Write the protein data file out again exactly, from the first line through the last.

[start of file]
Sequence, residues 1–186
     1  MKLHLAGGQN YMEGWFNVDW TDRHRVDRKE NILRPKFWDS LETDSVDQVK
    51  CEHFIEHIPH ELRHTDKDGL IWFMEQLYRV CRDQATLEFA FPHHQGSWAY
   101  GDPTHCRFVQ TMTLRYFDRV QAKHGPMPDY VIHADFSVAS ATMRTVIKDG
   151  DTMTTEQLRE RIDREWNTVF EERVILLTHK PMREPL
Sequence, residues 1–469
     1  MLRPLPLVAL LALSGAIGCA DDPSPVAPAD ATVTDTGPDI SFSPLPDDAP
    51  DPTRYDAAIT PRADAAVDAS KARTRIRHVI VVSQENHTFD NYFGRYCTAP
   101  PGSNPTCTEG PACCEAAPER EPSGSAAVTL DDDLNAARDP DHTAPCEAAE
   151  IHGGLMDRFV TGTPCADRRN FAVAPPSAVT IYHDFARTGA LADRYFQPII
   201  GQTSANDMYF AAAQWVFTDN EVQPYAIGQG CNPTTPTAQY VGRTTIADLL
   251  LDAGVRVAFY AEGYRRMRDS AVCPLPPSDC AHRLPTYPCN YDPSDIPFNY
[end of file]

Sequence, residues 1–186
     1  MKLHLAGGQN YMEGWFNVDW TDRHRVDRKE NILRPKFWDS LETDSVDQVK
    51  CEHFIEHIPH ELRHTDKDGL IWFMEQLYRV CRDQATLEFA FPHHQGSWAY
   101  GDPTHCRFVQ TMTLRYFDRV QAKHGPMPDY VIHADFSVAS ATMRTVIKDG
   151  DTMTTEQLRE RIDREWNTVF EERVILLTHK PMREPL
Sequence, residues 1–469
     1  MLRPLPLVAL LALSGAIGCA DDPSPVAPAD ATVTDTGPDI SFSPLPDDAP
    51  DPTRYDAAIT PRADAAVDAS KARTRIRHVI VVSQENHTFD NYFGRYCTAP
   101  PGSNPTCTEG PACCEAAPER EPSGSAAVTL DDDLNAARDP DHTAPCEAAE
   151  IHGGLMDRFV TGTPCADRRN FAVAPPSAVT IYHDFARTGA LADRYFQPII
   201  GQTSANDMYF AAAQWVFTDN EVQPYAIGQG CNPTTPTAQY VGRTTIADLL
   251  LDAGVRVAFY AEGYRRMRDS AVCPLPPSDC AHRLPTYPCN YDPSDIPFNY